7. Avoid dangerous behavior
Drinking alcohol increases the risk of boating accidents, whether you're in a motorboat or a paddle boat such as a canoe or kayak. The effects of alcohol can be amplified by the heat, wind and movement of the boat and could hinder your judgment or slow your reactions in an emergency. Driving a boat intoxicated by alcohol or drugs is an offence under the Criminal Code of Canada. You can always have a cocktail once back on dry land, if you don't have to drive.
As for the rest, use your common sense and have fun! Do not jump from one boat to another, do not sail too close to swimmers and pay attention to the wake of your boat in busy areas. Respect lifebuoys and navigation instructions, as they have been set up for your own boating safety. Follow the rules, wear a life jacket, go at a safe speed and listen to your judgment.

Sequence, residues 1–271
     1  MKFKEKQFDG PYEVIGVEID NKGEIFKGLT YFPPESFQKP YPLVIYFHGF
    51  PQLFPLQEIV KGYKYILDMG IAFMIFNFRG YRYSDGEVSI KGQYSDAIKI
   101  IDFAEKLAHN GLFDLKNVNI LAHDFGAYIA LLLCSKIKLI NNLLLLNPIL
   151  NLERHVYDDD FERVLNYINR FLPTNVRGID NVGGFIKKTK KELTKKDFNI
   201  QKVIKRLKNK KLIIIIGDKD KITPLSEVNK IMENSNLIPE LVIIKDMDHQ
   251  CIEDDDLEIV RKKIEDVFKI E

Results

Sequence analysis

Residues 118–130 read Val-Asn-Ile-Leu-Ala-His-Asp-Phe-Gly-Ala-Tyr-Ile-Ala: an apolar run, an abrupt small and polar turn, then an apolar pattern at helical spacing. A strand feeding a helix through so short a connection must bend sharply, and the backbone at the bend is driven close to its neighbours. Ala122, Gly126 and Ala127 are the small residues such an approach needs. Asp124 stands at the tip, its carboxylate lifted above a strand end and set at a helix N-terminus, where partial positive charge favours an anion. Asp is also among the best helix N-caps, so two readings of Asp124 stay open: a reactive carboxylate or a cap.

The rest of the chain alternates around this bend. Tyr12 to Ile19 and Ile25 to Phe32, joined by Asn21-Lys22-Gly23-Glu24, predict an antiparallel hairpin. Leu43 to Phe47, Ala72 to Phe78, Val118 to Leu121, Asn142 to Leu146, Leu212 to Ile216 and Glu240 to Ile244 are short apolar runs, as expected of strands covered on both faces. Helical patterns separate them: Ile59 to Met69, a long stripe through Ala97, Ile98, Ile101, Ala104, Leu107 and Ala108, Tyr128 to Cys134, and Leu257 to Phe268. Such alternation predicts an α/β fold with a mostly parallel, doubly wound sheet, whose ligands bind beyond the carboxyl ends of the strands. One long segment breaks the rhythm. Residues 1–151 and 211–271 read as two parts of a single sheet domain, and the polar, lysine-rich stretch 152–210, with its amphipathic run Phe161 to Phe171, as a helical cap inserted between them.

8. Insure your boat
Don't forget to insure your boat! Boat insurance can protect you and your boat in the event of an accident, but could also be useful in case of lawsuits or claims.* An Intact Insurance representative or broker can assist you in finding the coverage that best suits your boat and lifestyle. Get a boat insurance quote now and be covered when you set sail!
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*Certain conditions, limitations and exclusions apply to all our offers. Please see intact.ca for more details. These offers are subject to change without notice. The information contained in this website is provided for informational purposes only. Your insurance contract prevails at all times; Please see it for a full discussion of protections and exclusions.